It was an incredible, en-heartening, and vibrant day. Also exhausting.
That first photo is the group of women from my carpool. All of us in hats are teachers at my school, and the young woman in her headband is one of the students.
1. The celebrity folks were wonderful, and many of them were really experienced in keeping the energy going, but I wish there had been more time for some of the quieter voices. I got a teensy bit huffy that the rally had some men (albeit very articulate and inspiring men like Michael Moore and Van Jones) front-loaded into the early part of the rally, and then by the time the Indigenous woman got up to speak about water, everyone was already tired of listening.
2. I wish there had been more indigenous voices, more word from Standing Rock.
3. I have nothing against strong language at strong moments, but Madonna actually had some really good things to say about tyranny and freedom, but she dropped the F-bomb, and suddenly no one in the press could remember anything else she said. Sigh.
4. It was a real pleasure to hear Climbing Poetree live. And Angela Davis. And Gloria Steinem. And Maxine Waters. And Ashley Judd. And Alicia Keys. And Madonna. Janelle Monae was also really great. “Say her name!”
5. People were all friends yesterday. The invisible veils between strangers are broken down when you’re marching together. People start up conversations with each other as though they’ve known each other all their lives.
6. The crowd was big. Really big. I had very few moments of claustrophobic anxiety, and no sense of panic. This was the tightest crowd I have ever been in. We shuffled ourselves into the streets for the rally, and then when it was time to move, we simply couldn’t go anywhere, we were so tightly packed. Amazing!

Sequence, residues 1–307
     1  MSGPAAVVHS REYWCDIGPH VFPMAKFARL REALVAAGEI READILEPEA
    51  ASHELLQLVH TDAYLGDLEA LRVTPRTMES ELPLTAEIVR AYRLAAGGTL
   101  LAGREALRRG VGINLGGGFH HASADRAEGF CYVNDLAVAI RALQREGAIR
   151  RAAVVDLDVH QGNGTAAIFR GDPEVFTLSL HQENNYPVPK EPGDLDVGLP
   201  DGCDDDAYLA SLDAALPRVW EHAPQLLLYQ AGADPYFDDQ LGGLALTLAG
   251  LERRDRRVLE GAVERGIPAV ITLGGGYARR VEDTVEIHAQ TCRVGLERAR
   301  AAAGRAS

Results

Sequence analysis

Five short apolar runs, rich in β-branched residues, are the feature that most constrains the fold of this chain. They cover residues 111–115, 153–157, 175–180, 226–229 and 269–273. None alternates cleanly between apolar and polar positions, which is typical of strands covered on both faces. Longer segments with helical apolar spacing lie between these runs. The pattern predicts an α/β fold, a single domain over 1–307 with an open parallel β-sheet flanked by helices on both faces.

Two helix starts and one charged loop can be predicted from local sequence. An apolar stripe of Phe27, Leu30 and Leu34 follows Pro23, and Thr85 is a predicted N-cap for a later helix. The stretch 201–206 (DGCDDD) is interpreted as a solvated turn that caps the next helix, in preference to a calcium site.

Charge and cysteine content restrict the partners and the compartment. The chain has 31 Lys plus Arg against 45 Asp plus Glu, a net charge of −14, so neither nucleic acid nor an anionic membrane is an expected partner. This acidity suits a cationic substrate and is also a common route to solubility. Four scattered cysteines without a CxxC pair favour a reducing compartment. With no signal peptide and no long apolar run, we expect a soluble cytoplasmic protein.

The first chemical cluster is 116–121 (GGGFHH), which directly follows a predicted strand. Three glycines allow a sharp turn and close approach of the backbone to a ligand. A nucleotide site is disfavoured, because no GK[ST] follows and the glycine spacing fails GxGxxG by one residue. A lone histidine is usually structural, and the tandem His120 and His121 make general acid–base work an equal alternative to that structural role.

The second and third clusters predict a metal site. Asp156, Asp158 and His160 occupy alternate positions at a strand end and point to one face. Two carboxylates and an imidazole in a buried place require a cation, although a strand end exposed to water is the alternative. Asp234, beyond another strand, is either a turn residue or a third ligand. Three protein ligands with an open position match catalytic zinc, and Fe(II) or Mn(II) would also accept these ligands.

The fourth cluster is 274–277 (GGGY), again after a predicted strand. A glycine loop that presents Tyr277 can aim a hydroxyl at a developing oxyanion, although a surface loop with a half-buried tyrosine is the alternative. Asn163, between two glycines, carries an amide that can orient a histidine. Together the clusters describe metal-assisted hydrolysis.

7. The hats. Early in the day, before we got to the metro, a woman in another group that met at our rendezvous point asked one of us about the hats. My friend explained that they’re a response to the tape of Mr. Trump bragging about sexual assault, and that many people call them pussy hats. The woman began to weep. My friend made sure that the woman’s friends were taking care of her, and we went on to the march, but my hat suddenly took on a much more pointed meaning. It was no longer simply a symbol of defiance of a misogynist sexual predator in high office, but a statement of support for women who have survived sexual assault. It’s a message to predators that women’s silence will no longer protect them.
8. I am tired (happy tired). Wiped out. Standing in one place for four hours may be as hard on the muscles as walking for four hours. It was helpful to keep stretching. Even that was difficult with all those people packed around us. (All those people!)
9. Last Friday, a group of mostly young women led our chapel remembrance of Martin Luther King at school. Yesterday, I marched for the young women I teach, keeping in mind that group of young women of color in particular, women who are feeling the power of their voices rising within them, women with a passion for racial justice, women who will lead this movement into the future.
The future is in good hands. I’m with her and her and her and her. . .